As we followed IDF yesterday we heard about a $99 tablet price target. We assumed it was for Android tablets but no, Intel are targeting their low-end Baytrail solution for Windows tablets at that price point. Intel are also increasing marketing and promising some new and improved features that could include Realsense 3D sensors for high-end Windows tablets.
Hermann Eul, corporate VP and GM of the Mobile and Communications Group at Intel explained in his keynote yesterday that by lining up low-cost SKUs (processor models) up with the removal of Windows licensing costs (announced at BUILD yesterday) they could enable Windows tablets “even down to $99 or $129. “As we speak we have more than 90 tablet designs coming to the market” spanning from below $100 to $500.
Well, we’re in for a whole new round of cheap and possibly nasty tablets by year’s end.
And if Windows tablets are going to be US$99.00, so will Android tablets.
Intel is selling the same ready-made stuff for all tablets. It’s basically dual-use now. The main difference is the OS that’s in ROM and whatever screen resolution, RAM, and internal storage the individual tablet maker can add to it.
What’s in ROM can be Windows 8.x or what I’ll now have to call “Intel Android.”
Intel has taken AOSP — Android Open Source Project — and ported it to their CPUs.
And that’s why we’re seeing a bunch of Intel-based tablets coming out of China missing the Google bits. They’re not in there to begin with.
At some point, Google and Intel will have to come to terms because non-Google “Intel Android” really isn’t something that will sell in the larger global market. It’s usually fine for China because price is the leading issue for the mass market. But outside of China, in nations with more income, people want Google Services — because those customers are already using Google Services on the desktop (Mail, Docs, Drive, et al).
I don’t know the amount of money Intel is spending over in China to “win friends,” but all of this is their last-chance gambit to stay in business against the flood of ARM CPUs — which aren’t just from American companies now, but many from China too: Rockchip, Allwinner, Actions, MediaTek, and others.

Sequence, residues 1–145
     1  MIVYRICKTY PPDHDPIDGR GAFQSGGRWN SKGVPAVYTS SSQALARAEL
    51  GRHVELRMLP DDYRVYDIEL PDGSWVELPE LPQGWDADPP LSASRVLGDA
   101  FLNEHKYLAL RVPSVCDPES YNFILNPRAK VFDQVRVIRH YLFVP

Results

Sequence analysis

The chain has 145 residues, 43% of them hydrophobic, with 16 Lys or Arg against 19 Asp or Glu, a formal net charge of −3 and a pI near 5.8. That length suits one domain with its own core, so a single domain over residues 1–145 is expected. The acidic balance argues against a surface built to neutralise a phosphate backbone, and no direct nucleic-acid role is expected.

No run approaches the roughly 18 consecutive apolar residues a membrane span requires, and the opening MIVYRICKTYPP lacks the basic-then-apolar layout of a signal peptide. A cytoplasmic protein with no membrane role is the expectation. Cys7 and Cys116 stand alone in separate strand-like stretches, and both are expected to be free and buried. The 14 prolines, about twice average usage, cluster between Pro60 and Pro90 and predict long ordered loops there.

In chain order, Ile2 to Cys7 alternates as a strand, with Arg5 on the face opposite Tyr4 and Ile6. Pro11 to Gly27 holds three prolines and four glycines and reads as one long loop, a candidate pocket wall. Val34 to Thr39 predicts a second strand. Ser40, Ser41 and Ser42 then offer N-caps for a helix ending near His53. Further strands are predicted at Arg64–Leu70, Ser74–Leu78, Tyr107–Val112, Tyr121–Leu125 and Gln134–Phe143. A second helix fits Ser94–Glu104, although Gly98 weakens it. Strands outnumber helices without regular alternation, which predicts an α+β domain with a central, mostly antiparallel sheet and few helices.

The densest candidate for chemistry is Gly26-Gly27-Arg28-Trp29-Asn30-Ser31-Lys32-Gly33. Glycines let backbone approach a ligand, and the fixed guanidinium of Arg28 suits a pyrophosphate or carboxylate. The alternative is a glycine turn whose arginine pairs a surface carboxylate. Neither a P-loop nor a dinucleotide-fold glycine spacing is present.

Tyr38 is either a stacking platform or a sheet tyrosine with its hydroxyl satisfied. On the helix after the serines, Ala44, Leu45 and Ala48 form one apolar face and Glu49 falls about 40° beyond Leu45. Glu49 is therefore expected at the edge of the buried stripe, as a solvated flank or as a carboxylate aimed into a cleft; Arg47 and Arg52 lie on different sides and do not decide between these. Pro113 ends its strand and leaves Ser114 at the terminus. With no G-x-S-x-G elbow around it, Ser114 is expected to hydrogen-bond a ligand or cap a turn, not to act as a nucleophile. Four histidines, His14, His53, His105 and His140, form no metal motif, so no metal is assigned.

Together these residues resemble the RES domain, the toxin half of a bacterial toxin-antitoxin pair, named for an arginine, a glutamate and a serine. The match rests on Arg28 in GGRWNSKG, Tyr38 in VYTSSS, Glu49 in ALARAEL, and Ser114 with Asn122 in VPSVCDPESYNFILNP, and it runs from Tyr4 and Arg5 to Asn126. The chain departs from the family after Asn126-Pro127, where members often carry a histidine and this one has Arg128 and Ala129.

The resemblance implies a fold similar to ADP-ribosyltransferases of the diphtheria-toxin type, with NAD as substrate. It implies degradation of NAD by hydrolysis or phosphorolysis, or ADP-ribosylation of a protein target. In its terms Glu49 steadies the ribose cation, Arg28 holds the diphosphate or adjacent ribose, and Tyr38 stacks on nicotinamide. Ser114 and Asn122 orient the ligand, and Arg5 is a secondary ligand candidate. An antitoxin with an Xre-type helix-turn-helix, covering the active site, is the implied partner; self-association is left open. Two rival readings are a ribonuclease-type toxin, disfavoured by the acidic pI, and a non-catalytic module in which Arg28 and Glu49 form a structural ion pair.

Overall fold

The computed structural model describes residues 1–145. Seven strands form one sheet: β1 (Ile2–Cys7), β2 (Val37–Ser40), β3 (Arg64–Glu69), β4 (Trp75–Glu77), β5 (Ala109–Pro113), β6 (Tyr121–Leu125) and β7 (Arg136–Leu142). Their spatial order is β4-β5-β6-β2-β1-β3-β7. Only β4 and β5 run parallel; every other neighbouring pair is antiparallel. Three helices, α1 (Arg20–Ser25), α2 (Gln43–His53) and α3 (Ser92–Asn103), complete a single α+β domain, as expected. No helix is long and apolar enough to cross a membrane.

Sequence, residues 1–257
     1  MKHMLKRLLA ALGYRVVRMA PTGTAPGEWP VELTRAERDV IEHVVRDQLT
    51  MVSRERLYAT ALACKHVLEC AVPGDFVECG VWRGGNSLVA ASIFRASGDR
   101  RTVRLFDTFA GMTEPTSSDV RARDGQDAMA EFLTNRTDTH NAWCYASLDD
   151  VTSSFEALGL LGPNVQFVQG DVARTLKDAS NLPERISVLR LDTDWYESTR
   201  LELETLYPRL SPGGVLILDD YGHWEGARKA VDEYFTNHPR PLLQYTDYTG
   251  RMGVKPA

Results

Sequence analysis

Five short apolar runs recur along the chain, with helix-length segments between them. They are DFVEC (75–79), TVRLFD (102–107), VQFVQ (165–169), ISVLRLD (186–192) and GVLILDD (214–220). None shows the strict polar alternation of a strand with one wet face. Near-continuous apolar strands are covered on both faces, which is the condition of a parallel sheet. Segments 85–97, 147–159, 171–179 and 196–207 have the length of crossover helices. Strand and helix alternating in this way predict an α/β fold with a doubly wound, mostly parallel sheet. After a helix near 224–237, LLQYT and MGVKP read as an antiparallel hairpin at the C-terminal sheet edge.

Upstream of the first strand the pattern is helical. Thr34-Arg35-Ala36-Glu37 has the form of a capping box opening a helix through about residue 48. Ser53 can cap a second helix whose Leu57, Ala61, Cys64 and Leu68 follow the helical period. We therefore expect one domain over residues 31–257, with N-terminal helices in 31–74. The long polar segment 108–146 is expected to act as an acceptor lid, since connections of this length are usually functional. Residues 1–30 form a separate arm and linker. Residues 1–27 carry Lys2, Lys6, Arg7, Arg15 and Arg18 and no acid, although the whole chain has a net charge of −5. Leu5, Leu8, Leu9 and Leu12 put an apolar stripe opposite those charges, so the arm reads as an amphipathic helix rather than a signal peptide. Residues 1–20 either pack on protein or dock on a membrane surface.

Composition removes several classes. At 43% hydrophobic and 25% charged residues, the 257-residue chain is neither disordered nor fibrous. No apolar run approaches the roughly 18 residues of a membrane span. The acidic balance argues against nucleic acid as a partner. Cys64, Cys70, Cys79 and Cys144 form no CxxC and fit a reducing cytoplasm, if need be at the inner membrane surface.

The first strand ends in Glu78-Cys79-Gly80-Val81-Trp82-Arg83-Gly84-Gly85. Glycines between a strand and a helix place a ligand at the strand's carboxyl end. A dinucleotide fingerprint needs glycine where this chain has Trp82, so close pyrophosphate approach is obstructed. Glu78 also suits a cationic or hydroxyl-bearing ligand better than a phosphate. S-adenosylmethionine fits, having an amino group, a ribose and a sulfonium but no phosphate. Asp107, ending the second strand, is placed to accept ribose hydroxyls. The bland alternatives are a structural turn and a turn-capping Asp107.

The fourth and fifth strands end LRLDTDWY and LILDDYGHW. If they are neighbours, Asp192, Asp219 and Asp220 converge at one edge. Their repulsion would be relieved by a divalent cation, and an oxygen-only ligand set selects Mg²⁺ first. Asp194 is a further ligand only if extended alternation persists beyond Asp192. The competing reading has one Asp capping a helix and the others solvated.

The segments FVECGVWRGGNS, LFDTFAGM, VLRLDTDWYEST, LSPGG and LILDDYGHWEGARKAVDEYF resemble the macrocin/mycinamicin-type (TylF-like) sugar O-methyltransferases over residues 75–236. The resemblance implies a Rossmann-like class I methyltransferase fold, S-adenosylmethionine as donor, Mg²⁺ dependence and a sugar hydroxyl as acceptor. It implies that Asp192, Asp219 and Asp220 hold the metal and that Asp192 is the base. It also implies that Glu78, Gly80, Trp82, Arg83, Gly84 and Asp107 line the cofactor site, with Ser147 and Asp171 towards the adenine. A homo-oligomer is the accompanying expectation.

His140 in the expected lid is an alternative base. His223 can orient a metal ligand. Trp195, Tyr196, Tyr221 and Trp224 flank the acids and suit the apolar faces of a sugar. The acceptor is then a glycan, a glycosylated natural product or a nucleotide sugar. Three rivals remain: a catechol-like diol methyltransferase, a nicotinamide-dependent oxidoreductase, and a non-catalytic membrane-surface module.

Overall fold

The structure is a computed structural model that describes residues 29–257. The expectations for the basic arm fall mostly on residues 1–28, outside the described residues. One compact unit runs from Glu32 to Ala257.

If this doesn’t work out the way Intel hopes, it’ll be a disaster for them and could significantly shrink the company.
As for Windows tablets, even at US$99 I don’t see the hope. Microsoft is really going to have to pull a Magic Rabbit out of their hat.
The broader danger regarding US$99 tablets is that the market could expect that as the new way to measure tablets, just as lower-priced self-published eBooks have changed the way people think about book pricing. Some of this is already coming into effect, with reviewers measuring tablets against the lower-priced Nexus 7 2013. This could be the start of a race to the bottom in pricing. And that’s a double-edged sword. It gives buyers the illusion of a bargain while actually undercutting manufacturers and fostering concentration in an industry — something we’ve already seen with music and iTunes and with eBooks and Amazon.
One other point to consider is “Intel Android” versus Android versus Windows. How will the market regard “complete Windows” in a tablet versus a tablet with an incomplete (no Google bits) “Intel Android”? If it turns out, for instance, that certain apps won’t run on “Intel Android” — popular ones such as Netflix — would that make people turn to “complete Windows” which could run Netflix and other popular apps? Or would they still just buy “real” Android tablets, even if slighly higher-priced?